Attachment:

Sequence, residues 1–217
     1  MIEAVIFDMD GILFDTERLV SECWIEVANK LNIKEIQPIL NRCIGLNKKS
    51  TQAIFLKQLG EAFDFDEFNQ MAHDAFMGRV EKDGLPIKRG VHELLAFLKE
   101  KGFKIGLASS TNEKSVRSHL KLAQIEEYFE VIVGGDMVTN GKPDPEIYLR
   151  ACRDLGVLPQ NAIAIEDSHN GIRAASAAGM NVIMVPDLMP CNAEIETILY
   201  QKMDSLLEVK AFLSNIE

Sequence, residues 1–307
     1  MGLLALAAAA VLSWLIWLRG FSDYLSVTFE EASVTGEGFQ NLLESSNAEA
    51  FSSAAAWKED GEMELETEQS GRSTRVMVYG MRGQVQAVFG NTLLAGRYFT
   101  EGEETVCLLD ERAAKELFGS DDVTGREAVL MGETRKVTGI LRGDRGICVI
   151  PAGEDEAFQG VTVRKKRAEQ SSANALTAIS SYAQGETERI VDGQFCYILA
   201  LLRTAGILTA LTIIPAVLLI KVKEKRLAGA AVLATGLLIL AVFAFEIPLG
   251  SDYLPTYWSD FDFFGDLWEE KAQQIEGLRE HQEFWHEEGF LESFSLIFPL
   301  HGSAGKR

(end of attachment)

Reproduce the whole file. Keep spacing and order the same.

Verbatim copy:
Sequence, residues 1–217
     1  MIEAVIFDMD GILFDTERLV SECWIEVANK LNIKEIQPIL NRCIGLNKKS
    51  TQAIFLKQLG EAFDFDEFNQ MAHDAFMGRV EKDGLPIKRG VHELLAFLKE
   101  KGFKIGLASS TNEKSVRSHL KLAQIEEYFE VIVGGDMVTN GKPDPEIYLR
   151  ACRDLGVLPQ NAIAIEDSHN GIRAASAAGM NVIMVPDLMP CNAEIETILY
   201  QKMDSLLEVK AFLSNIE

Sequence, residues 1–307
     1  MGLLALAAAA VLSWLIWLRG FSDYLSVTFE EASVTGEGFQ NLLESSNAEA
    51  FSSAAAWKED GEMELETEQS GRSTRVMVYG MRGQVQAVFG NTLLAGRYFT
   101  EGEETVCLLD ERAAKELFGS DDVTGREAVL MGETRKVTGI LRGDRGICVI
   151  PAGEDEAFQG VTVRKKRAEQ SSANALTAIS SYAQGETERI VDGQFCYILA
   201  LLRTAGILTA LTIIPAVLLI KVKEKRLAGA AVLATGLLIL AVFAFEIPLG
   251  SDYLPTYWSD FDFFGDLWEE KAQQIEGLRE HQEFWHEEGF LESFSLIFPL
   301  HGSAGKR